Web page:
The smallest emerging stock markets are elbowing aside Brazil, Russia, India and China to become the world’s best performers.
An index of 22 so-called frontier countries rose 12% in January, the fastest-ever start to a year. Five of them, including Vietnam, Ukraine and Croatia, are among this year’s top 10 markets. A measure of BRIC stocks fell after a 53% gain in 2006 made Indian and Chinese shares the most expensive among the biggest emerging nations.
JPMorgan Chase & Co., Templeton Asset Management Ltd. and Julius Baer Holding AG started funds in the past six months to buy shares in the smallest economies, betting they will outperform larger developing markets that have rallied for four straight years.
“We’ve started to go into some of the frontier markets,” said Terrence Gray, New York-based managing director of emerging markets at DWS Scudder, which manages $114 billion. “We’re just trying to find better value.”
Gray may invest in banks and agricultural commodity producers in Mauritius, Nigeria and Zambia, after cutting his firm’s holdings in China and India last year.
Frontier markets, as defined by Standard & Poor’s, are dominated by companies too small and too thinly traded to be “investable” for most fund managers. The acronym BRIC was coined by Jim O’Neill, chief economist at Goldman Sachs Group Inc., in November 2001. He said Brazil, Russia, India and China would join the U.S. and Japan as the biggest economies in the world by 2050, eclipsing most of today’s developed nations.
The S&P/IFCG Frontier Markets Composite Index has gained 35% in the past 12 months, compared with a 28% increase in the Morgan Stanley Capital International BRIC Index and 12% advance for the S&P 500.
Last month’s surge in the 272-member frontier markets index, whose members have a median market value of $241 million, was the biggest gain in January since S&P’s calculations started in 1996.
Frontier stocks are cheaper than shares in India and China—which trade at an average 26 and 40 times earnings, respectively—though they are becoming more expensive.
Stocks in the S&P/IFCG Index traded at an average 17 times earnings last month, near the highest ever and 40% higher than the average over its 11-year history.
The price-earnings ratio for S&P/IFCG index is also about 10% higher than for the MSCI Emerging Markets Index.
Frontier markets have been valued at an 18% discount on average during the past decade. Stocks in Bangladesh, Bulgaria, Ivory Coast, Mauritius and Slovenia rose last month to their highest price-earnings ratios this decade.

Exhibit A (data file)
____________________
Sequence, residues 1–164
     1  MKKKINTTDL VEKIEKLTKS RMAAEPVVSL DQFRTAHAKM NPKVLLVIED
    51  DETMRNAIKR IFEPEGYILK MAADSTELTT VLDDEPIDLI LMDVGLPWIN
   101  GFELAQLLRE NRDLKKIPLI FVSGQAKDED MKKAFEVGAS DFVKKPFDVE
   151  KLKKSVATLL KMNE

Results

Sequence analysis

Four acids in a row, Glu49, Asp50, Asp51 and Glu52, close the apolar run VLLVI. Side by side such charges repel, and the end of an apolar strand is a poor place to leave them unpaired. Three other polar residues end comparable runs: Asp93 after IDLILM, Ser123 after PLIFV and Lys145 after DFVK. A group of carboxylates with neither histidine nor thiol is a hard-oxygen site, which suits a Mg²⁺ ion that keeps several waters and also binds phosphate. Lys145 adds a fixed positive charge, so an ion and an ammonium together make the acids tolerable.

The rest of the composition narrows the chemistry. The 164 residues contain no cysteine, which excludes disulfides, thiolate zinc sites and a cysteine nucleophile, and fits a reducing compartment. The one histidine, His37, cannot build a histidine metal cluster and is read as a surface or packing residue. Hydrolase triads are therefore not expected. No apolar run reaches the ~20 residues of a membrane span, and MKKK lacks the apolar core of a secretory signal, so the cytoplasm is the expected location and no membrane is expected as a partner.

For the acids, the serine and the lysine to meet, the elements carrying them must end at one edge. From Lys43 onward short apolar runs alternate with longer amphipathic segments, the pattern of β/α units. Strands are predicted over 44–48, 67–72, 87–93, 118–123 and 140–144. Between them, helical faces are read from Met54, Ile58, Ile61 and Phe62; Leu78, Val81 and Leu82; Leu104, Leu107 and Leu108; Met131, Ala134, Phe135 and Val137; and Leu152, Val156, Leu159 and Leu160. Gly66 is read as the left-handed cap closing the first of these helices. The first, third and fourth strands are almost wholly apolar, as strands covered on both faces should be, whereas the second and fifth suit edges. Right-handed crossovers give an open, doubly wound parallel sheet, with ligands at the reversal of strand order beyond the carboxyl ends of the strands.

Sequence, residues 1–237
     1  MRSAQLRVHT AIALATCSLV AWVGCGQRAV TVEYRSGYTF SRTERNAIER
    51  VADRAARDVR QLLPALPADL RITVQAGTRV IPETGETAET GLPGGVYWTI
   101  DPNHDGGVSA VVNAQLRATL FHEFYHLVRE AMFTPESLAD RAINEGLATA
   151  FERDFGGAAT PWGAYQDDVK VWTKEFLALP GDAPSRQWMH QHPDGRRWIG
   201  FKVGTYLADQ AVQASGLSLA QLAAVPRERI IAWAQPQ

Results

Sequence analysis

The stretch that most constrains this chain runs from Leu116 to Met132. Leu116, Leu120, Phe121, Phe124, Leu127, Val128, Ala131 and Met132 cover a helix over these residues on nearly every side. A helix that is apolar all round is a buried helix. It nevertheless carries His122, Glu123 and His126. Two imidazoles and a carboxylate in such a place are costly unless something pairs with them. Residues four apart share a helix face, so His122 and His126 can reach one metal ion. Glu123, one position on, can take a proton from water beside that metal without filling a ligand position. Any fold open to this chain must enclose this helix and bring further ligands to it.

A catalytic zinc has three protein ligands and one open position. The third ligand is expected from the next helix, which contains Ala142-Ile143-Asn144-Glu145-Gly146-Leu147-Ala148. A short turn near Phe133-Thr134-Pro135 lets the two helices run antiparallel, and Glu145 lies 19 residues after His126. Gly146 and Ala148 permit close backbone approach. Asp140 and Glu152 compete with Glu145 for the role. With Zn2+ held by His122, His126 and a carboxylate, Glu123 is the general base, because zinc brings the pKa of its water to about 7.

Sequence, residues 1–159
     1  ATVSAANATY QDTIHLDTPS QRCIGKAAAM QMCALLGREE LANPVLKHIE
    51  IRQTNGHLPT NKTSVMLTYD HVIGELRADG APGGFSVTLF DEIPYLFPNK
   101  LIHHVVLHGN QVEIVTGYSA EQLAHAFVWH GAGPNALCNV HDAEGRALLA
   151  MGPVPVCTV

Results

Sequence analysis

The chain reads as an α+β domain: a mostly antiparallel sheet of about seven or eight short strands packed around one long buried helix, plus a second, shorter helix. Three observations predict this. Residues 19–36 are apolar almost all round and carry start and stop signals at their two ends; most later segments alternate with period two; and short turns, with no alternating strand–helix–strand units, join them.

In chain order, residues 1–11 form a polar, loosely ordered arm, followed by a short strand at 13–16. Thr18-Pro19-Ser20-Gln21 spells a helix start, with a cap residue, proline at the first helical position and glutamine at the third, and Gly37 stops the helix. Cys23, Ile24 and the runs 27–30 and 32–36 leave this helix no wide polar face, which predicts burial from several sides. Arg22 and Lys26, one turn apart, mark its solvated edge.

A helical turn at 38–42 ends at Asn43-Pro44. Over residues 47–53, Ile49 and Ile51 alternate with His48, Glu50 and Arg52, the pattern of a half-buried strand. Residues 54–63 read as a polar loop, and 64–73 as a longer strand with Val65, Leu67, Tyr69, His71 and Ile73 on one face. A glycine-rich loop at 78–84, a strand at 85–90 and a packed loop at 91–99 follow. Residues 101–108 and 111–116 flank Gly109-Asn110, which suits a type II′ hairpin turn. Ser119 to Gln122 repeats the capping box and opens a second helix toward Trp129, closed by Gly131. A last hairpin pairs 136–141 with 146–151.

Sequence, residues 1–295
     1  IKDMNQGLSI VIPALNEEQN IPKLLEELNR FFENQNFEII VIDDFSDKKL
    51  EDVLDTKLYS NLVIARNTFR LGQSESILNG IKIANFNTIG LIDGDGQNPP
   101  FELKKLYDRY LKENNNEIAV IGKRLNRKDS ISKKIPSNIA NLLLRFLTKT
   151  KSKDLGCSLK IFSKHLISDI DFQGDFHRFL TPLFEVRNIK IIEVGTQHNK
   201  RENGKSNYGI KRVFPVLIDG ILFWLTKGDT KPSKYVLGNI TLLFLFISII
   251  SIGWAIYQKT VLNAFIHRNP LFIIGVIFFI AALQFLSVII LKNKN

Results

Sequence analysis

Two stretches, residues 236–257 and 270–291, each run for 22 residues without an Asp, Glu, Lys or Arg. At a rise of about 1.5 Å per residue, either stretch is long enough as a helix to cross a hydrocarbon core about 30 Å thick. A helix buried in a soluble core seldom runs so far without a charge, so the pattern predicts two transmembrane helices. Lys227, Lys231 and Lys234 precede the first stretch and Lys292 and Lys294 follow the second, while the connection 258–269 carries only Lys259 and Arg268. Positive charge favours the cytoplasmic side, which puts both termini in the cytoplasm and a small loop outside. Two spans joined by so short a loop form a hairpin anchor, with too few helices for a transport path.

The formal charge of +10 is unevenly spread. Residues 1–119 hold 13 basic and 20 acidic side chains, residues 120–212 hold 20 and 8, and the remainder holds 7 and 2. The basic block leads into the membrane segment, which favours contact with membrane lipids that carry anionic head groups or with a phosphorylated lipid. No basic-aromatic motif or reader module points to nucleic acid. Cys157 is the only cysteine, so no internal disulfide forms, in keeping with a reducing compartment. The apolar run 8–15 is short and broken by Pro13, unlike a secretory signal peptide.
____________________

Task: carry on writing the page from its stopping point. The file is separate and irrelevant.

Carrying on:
“Everybody is so... bullish that, as a consequence, valuations have become very rich,” said Patrick Scheuber, head of equities at Swisscanto in Zurich. “We are not at the beginning of a cycle, rather at the end of it.”
His firm, managing $1.6 billion, has just sold holdings in Vietnam. Investors are courting greater economic and political risk by buying stocks in countries that are among the least developed in the world.
Zimbabwe, for instance, is mired in an eighth year of recession. The inflation rate surged to a record 1,594% last month as the government printed money to pay off debts. The Zimbabwe dollar has fallen as much as 42% since 20 January.
In Nigeria, attacks have forced Royal Dutch Shell Plc’s unit to halt production of about 500,000 barrels of oil a day, almost a quarter of the country’s current output. “One has to kick the tires if you are looking for returns,” said Tim Drinkall, who manages about $200 million at Gustavia Capital Management in Stockholm.
Six months ago, Drinkall spent 12 hours on a bus to visit Sojaprotein AD, a Serbian soybean processor, before buying the stock. His Gustavia Greater Russia fund has been adding shares in Ukraine and Kazakhstan, favoring them over firms in Russia.
Accelerating economic growth, the prospect that more governments will embrace capitalism and an increase in initial public offerings have lured more money to frontier markets.